There are many ways to solve a
problem. Here is an interesting allegory found on the internet:
The following concerns a question in a physics degree exam at the
University of Copenhagen:
"Describe how to determine the height of a skyscraper using a
barometer." One student replied,
"You tie a long piece of string to the neck of the barometer, then
lower the barometer from the roof of the skyscraper to the ground. The
length of the string plus the length of the barometer will equal the
height of the building."
This highly original answer so incensed the instructor that the student
was failed. The student appealed on the grounds that his answer was
indisputably correct and the university appointed an independent
arbiter to decide the case. The arbiter judged that answer was indeed
correct, but did not display knowledge of physics. To resolve the
problem it was decided to call the student in and allow him six minutes
in which to provide a verbal answer, which showed at least a minimal
familiarity the principles of physics.
For five minutes the student sat in silence, forehead creased in
thought. The arbiter reminded him that time was running out, to which
the student replied that he had several extremely relevant answers, but
couldn't make up his mind which to use.
On being advised to hurry up the student replied as follows,
"Firstly, you could take the barometer up to the roof of the
skyscraper, drop it over the edge, and measure the time it takes to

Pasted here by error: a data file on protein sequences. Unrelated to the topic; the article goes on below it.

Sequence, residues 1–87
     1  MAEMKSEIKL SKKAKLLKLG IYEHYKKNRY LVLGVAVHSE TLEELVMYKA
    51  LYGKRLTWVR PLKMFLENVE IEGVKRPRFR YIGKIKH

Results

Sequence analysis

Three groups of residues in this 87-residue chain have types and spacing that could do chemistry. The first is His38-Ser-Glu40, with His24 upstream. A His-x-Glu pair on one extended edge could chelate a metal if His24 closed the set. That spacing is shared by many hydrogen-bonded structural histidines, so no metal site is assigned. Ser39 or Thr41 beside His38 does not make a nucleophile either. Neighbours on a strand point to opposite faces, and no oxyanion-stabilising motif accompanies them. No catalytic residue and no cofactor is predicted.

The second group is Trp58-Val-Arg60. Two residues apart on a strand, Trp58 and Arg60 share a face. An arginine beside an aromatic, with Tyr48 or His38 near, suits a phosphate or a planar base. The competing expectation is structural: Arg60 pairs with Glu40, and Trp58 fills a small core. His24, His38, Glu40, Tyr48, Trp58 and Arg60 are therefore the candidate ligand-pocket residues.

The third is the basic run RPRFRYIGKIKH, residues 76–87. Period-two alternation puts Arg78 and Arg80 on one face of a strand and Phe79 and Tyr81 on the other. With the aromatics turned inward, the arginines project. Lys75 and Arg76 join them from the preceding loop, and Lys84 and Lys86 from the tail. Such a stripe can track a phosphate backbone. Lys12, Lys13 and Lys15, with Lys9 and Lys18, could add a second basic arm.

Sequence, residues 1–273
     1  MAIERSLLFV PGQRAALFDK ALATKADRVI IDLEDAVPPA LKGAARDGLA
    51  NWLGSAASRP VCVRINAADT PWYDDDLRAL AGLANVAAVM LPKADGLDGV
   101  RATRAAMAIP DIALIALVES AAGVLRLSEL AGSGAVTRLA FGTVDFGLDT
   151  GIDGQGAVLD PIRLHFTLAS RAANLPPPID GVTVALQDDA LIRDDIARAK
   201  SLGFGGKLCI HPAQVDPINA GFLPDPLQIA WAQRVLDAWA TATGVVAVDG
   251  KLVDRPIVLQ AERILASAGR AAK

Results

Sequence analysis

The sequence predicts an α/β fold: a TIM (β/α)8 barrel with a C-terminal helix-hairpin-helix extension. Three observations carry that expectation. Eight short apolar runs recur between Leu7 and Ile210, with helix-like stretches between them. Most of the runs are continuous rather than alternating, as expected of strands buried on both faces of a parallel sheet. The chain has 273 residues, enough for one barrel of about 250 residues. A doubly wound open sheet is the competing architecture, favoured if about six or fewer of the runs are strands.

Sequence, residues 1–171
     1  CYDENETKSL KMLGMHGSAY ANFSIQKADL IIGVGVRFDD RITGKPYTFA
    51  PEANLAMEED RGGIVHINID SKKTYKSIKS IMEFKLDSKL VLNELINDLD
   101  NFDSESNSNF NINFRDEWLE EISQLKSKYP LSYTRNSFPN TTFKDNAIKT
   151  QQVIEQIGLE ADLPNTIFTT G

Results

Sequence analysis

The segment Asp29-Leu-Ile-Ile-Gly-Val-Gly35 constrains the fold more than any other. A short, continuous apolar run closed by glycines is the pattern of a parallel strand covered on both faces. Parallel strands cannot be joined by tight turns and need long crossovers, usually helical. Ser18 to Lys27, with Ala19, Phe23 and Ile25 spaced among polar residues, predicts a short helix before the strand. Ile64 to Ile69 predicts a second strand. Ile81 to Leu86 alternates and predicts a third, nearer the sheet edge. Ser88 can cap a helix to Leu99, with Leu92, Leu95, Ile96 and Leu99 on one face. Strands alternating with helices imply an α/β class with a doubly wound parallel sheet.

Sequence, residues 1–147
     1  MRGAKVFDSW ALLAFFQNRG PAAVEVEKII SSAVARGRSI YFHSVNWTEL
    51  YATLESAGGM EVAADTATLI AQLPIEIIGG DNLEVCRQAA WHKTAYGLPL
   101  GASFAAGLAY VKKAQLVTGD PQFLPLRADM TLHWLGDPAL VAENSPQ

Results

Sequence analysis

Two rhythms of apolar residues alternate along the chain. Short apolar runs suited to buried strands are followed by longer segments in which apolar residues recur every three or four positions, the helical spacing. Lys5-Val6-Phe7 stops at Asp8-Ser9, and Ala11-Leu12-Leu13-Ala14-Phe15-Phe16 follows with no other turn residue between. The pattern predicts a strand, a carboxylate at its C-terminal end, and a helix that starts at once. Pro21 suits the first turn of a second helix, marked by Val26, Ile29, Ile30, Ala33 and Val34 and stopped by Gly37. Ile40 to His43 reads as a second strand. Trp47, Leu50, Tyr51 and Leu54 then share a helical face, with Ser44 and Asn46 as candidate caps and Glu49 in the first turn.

reach the ground. The height of the building can then be worked out
from the formula H = 0.5g x t squared. But bad luck on the barometer."
"Or if the sun is shining you could measure the height of the
barometer, then set it on end and measure the length of its shadow.
Then you measure the length of the skyscraper's shadow, and thereafter
it is a simple matter of proportional arithmetic to work out the height
of the skyscraper."
"But if you wanted to be highly scientific about it, you could tie a
short piece of string to the barometer and swing it like a pendulum,
first at ground level and then on the roof of the skyscraper. The
height is worked out by the difference in the restoring force T = 2 pi
sq. root (l /g)."
"Or if the skyscraper has an outside emergency staircase, it would be
easier to walk up it and mark off the height of the skyscraper in
barometer lengths, then add them up."
"If you merely wanted to be boring and orthodox about it, of course,
you could use the barometer to measure the air pressure on the roof of
the skyscraper and on the ground, and convert the difference in
millibars into meters to give the height of the building."
"But since we are constantly being exhorted to exercise independence of
mind and apply scientific methods, undoubtedly the best way would be to
knock on the janitor's door and say to him 'If you would like a nice
new barometer, I will give you this one if you tell me the height of
The student was Niels Bohr, the only person from Denmark to win the
Nobel Prize for Physics.